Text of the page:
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What discussions like that described above have revealed to me is that vocabulary is becoming more and more important in the immersion process. While initially, a limited vocabulary can suffice for introductions, directions, and general living, real important interactions necessitate an ever expanding vocabulary. And thus, when creativity meets the end of its sphere. Vocabulary acquisition is definitely a challenge, especially given all the words that are a part of everyday life but not in a textbook. Add in slang and regional dialects, and speaking the language becomes quite easy compared to listening to native speakers. As the weeks continue, in order to get the most out this immersive opportunity, I will need to focus on out-of-class encounters.

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“Challenge” is a word my hostfather says often (in English), and I find myself echoing the sentiment. My weaknesses are known; now I must target them. If, in the future, I want to talk about Japanese security, or climate change, or food imports, then I must continue to push my boundaries. This weekend I will be discussing the Shinto religion with the head priest of a jinja (Shinto shrine), an opportunity that I am very excited for but also anxious. It will be a test of my listening, without a doubt. However, the chance to delve further into something that has been a part of Japanese culture for centuries is invaluable. I cannot wait to report the conversation.

Alright, until next time.
Joshua Kuiper
カイパー

Sorrento: Individual Lessons and Slang (Week Three)

Written at the end of the third week:

I’ve reached the halfway point of my time in Sorrento–it feels like I’ll never have to leave, but just writing this reminds me to take advantage of every day here.
The individual class was extremely clarifying. I was able to stop at any point and ask a question, direct where the lessons went, and hone in on my weaknesses. On top of that, the instructor this week was a latinist like myself (well, student of Latin) so he was able to relate some of the trickiest parts of the grammar to Latin rather than English, which turned out to be immensely helpful. I was pleasantly surprised to be able to almost never ask for repetition even when discussing some complex words and topics.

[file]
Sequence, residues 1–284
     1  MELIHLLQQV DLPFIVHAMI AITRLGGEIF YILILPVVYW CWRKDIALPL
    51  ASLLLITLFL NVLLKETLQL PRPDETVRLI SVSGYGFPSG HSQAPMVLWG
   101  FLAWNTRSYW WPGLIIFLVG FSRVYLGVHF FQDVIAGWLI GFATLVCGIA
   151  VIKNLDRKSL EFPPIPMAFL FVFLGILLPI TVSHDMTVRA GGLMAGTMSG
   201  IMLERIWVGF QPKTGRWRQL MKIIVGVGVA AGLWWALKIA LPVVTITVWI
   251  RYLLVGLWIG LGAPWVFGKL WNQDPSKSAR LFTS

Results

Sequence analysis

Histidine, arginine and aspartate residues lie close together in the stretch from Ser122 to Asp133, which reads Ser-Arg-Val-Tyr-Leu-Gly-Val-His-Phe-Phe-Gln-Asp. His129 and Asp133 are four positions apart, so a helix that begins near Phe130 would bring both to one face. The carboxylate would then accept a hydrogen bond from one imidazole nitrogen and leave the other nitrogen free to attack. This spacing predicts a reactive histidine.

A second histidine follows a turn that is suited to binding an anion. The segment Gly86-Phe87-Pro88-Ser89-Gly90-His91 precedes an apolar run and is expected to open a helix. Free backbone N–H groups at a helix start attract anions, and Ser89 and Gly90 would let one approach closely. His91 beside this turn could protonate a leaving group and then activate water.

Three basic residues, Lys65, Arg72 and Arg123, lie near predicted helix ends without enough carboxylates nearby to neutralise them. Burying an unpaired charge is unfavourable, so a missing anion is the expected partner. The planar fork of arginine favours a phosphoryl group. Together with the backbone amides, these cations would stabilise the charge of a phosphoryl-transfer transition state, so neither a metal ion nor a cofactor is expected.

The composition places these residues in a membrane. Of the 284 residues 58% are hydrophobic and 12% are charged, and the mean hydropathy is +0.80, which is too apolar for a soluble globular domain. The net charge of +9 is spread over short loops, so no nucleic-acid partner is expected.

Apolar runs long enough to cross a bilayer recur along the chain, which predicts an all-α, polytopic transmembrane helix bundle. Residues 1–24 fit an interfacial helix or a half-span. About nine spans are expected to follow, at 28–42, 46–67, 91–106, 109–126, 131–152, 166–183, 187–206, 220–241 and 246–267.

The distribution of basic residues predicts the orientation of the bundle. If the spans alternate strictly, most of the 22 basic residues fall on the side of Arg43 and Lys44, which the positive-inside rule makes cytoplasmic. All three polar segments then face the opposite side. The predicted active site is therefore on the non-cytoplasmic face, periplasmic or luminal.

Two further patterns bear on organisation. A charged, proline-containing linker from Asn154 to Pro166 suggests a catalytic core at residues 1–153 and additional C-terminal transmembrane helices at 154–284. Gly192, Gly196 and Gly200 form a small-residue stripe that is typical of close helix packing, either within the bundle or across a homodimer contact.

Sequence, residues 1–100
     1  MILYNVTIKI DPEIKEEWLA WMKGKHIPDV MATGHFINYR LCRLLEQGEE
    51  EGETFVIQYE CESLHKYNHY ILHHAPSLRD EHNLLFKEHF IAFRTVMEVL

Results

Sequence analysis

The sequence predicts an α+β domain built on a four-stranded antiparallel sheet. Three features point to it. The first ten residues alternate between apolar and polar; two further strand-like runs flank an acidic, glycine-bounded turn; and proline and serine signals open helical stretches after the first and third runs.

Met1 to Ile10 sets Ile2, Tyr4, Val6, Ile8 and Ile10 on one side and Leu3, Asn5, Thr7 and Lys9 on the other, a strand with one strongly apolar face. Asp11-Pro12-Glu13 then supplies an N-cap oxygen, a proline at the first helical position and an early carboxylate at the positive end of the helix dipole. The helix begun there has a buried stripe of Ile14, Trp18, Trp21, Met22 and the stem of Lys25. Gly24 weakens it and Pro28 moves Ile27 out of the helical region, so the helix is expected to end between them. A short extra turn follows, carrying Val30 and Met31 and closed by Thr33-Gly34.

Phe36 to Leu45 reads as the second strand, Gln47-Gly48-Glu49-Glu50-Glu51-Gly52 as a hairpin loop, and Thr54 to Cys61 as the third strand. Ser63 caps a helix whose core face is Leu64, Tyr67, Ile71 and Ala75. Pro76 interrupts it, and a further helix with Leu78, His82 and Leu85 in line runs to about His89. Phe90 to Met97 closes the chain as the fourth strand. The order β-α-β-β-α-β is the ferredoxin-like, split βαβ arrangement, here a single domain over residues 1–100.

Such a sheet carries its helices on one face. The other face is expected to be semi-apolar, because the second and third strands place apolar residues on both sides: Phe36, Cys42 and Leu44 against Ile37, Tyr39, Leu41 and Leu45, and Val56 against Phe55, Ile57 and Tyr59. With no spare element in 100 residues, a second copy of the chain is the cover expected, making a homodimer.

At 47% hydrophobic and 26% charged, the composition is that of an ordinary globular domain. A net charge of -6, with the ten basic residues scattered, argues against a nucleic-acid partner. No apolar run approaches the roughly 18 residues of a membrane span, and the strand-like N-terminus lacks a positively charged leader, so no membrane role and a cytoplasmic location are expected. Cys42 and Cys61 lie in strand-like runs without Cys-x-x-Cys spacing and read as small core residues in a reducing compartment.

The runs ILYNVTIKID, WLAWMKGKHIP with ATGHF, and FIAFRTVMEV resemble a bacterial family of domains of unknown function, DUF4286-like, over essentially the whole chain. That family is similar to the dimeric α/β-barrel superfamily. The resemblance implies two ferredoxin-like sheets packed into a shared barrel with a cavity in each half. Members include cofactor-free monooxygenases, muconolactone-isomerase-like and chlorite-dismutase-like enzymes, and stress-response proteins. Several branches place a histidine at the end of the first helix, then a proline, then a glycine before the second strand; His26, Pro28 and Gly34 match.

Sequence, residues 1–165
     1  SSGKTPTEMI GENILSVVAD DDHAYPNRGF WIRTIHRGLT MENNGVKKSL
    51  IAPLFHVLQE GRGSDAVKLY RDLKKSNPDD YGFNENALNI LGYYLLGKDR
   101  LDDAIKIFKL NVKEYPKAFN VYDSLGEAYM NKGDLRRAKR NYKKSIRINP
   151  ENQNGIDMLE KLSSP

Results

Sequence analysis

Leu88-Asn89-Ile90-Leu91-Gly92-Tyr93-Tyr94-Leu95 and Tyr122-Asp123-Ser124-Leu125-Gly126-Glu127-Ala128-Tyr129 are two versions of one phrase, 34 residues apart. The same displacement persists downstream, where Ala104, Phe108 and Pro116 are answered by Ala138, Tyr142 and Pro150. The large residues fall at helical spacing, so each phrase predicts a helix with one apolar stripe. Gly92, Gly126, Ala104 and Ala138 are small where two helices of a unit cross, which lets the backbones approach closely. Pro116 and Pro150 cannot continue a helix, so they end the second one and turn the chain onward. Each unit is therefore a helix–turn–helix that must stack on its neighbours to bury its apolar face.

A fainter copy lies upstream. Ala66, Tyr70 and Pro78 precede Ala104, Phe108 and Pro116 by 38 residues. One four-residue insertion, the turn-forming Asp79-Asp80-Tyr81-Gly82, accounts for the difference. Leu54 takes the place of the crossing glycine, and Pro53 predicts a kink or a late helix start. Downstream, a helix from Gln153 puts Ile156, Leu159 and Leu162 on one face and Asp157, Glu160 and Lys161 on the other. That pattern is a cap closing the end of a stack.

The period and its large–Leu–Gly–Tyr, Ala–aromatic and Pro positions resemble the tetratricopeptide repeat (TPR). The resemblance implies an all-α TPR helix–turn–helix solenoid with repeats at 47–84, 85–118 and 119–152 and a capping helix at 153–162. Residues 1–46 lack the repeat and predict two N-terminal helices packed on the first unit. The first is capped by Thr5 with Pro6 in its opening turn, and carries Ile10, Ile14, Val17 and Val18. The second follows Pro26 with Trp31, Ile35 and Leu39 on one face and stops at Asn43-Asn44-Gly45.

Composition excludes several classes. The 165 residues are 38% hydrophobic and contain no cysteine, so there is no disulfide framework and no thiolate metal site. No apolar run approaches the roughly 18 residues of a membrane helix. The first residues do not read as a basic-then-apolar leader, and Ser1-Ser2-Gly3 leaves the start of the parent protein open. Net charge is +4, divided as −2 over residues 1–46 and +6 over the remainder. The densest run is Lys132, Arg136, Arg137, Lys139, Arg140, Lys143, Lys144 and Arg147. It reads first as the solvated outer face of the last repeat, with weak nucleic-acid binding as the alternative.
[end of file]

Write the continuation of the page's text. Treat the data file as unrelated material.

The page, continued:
Outside the classroom, I was able to get to know my host family much better this week because I was not always running around with my actual family. The three of them are incredibly sweet; the mom and daughter are actually both Russians who are, of course, fluent in Italian, while the father is full-blown Napoletano. Because of this, it is incredibly difficult to understand him at times, but I can still manage. I immediately recognized a ranking of ease of understanding with the daughter being the clearest, followed by the mother, and then the father. So, when the father speaks and I can’t understand, I’ll usually look to the mother then to the daughter for rescue. It can be frustrating at times when I can’t fully express myself or easily jump into a conversation when we’re all gathered, but the exposure alone to the language (and the vocabulary of the home) has been a huge help.
Speaking of Napoletano and some misunderstandings, I’ll fill you all in in some colloquialisms and some slang. First, there is a phrase said often by the youth, which is Napoletano (from the language of the Naples area). I don’t know how to write it, and neither do they as Napoletano is usually only spoken, not written, by locals anymore, nor have I found a sufficient way to translate it into English. It’s along the lines of “who is dead to you,” which does no justice to the phrase, but it carries the weight of: “____ you and your ancestors!” Intense! Although, it is used frequently among the youth (much like curse words in English)…I haven’t dared to use it in a real context, but I know it when I hear it! I asked my host parents about it (in a gentle manner) and they both said that it’s a heavy insult if meant with full force, but they recognize that it is most commonly used among friends. Some of the younger people in town have told me that they’ll use it when a scooter cuts them off while driving or jokingly when with friends–I think I’ll stay away from cursing people’s ancestors for now.